The Surface Transportation Advanced Through Reform, Technology, and Efficient Review (STARTER) Act 2.0 is likely to replace an expiring highway law. This legislation would allocate $400 billion over five years for surface transportation programs.
On May 19th, Republican lawmakers released the outline of the bill, which would implement or extend programs for the trucking industry, autonomous technology, self-driving vehicles, and overall highway funding.
The bill would also work to make the process easier in regards to federal environmental permitting as part of the surface transportation proposal backed by Democrats. Such a highway policy bill aligns with the infrastructure-related plans of the Biden Administration, and the House transportation panel’s Democrats are likely to assess their version of the bill by the end of May.
“Our bill focuses on the core infrastructure that helps move people and goods through our communities every single day, cuts red tape that holds up project construction, and gets resources into the hands of our states and locals with as few strings attached as possible,” explained chief sponsor of the bill, Transportation and Infrastructure Committee ranking member Sam Graves of Missouri.
Many supporters of the bill have noted its capacity to draw backing from both parties.
“As the process for considering legislation on infrastructure moves forward, I am eager to see these proposals become part of a robust bipartisan effort, just as the president continues to call for,” Graves added.
The measure also aims to set forth an efficient infrastructure grants program, as well as mandate that organizations create an environmental review permitting timetable. It would also work toward updating the current national highway freight plan.
“Streaming the federal permitting and environmental review process absolutely must be a part of an infrastructure package,” Rodney Davis, ranking member of the Highways and Transit Subcommittee, noted.
For states looking to find ways to fully optimize truck parking capabilities, the bill could also boost the resources available. Additionally, it could also implement an interstate driving training program for commercial driver’s license holders between the ages of 18 and 20–an initiative that would also create higher standards for carriers’ best practices.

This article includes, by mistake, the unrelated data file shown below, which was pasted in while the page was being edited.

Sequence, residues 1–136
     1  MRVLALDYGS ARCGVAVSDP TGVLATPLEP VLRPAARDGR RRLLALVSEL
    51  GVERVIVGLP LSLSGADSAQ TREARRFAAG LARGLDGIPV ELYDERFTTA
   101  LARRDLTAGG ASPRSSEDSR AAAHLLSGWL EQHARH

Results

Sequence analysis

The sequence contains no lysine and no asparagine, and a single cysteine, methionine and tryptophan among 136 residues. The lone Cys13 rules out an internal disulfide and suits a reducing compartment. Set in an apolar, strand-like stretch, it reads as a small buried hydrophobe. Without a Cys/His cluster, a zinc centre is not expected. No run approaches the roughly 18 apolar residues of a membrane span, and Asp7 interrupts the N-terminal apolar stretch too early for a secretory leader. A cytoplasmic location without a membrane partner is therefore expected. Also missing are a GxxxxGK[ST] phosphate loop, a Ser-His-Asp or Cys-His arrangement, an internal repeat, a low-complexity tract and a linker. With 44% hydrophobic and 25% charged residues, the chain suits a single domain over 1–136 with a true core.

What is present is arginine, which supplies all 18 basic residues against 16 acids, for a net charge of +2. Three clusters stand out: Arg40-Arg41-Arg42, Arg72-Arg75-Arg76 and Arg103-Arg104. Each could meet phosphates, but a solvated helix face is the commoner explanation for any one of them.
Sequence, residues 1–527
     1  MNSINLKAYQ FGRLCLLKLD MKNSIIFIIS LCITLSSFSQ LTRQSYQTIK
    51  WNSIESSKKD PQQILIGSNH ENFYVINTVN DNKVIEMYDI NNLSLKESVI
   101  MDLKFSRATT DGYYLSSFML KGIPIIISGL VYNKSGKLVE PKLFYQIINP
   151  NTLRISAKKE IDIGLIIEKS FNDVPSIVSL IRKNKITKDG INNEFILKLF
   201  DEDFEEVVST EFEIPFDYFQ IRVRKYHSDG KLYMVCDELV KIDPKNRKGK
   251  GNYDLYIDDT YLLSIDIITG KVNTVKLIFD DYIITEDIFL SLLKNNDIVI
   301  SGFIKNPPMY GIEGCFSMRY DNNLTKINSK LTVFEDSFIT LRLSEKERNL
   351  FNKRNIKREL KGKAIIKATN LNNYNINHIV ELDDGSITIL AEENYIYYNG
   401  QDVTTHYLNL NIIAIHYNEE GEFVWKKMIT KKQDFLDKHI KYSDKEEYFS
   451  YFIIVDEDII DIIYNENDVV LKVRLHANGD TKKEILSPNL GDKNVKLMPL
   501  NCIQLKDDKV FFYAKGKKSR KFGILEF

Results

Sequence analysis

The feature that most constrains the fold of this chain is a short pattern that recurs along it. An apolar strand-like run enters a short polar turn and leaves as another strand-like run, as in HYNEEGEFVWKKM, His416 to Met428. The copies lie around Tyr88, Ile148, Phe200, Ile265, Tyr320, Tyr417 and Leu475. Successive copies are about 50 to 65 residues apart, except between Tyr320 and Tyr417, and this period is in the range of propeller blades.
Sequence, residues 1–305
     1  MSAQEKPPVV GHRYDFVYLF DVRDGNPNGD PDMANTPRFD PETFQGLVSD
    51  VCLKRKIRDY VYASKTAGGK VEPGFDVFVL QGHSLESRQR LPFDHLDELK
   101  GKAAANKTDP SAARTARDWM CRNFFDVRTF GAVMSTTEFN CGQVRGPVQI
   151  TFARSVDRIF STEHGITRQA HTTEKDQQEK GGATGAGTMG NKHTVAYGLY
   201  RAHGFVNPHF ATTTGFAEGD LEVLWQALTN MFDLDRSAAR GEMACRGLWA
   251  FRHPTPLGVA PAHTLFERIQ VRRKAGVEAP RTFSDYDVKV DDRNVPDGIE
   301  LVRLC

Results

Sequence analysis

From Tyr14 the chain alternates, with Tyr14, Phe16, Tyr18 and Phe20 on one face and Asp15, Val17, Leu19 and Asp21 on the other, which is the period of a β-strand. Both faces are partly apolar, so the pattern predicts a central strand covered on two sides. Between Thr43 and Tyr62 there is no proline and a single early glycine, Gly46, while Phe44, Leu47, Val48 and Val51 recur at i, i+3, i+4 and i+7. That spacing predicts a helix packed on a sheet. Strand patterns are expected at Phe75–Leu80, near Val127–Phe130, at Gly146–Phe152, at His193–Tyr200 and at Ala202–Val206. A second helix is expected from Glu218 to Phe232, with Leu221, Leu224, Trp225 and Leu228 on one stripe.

For livestock haulers and farm operations, this legislation would also be able to increase hours-of-service regulation flexibility and allocate specific funding solely to programs based in rural regions.
To do this, the bill “provides greater flexibility and supports greater mobility in rural areas by increasing the federal share of project costs for projects located in qualified opportunity zones, in medically underserved areas, or areas with medically underserved populations,” explaining a summary of the measure.
Through this legislation, the Promoting Resilient Operations for Transformative, Efficient, and Cost-Saving Transportation (PROTECT) grant program regarding the aid of areas affected by natural disasters would come into play, as would a nationwide vehicle-miles-traveled fee system and a connected vehicle applications-based competitive grant program.
“This legislation puts true transportation infrastructure first and prioritizes building a resilient transit system,” explained co-sponsor of the bill and ranking member of the Railroads, Pipelines, and Hazardous Materials Subcommittee, Rick Crawford of Arkansas.
For committee chairman Peter DeFazio, the ideal version of the legislation would set forth mobility grid upgrades–especially in regards to transit systems. For his five-year 2015 highway law update, DeFazio recommends $100 billion for transit state-of-good repair criteria needing attention.
“America is facing serious challenges: crumbling infrastructure, the threat of climate change, inequality and racial justice, a rising China that threatens our domestic workforce and manufacturing,” he explained. “We can’t solve these problems by doing the status quo.”
Still, Republicans want to focus on surface transportation policies and have been collaborating with the White House to determine the best courses of actions in regards to funding and infrastructure policy negotiations.
“We believe we can find a bipartisan deal on infrastructure,” said President Biden. “But we’ve made one thing clear: We’ll compromise, but doing nothing is not an option.”
Senate Republicans recently released their strategy which would center upon a $600 billion policy plan, while Biden’s plan requests $2.25 trillion and aims to do acquire such funding by boosting corporate taxes.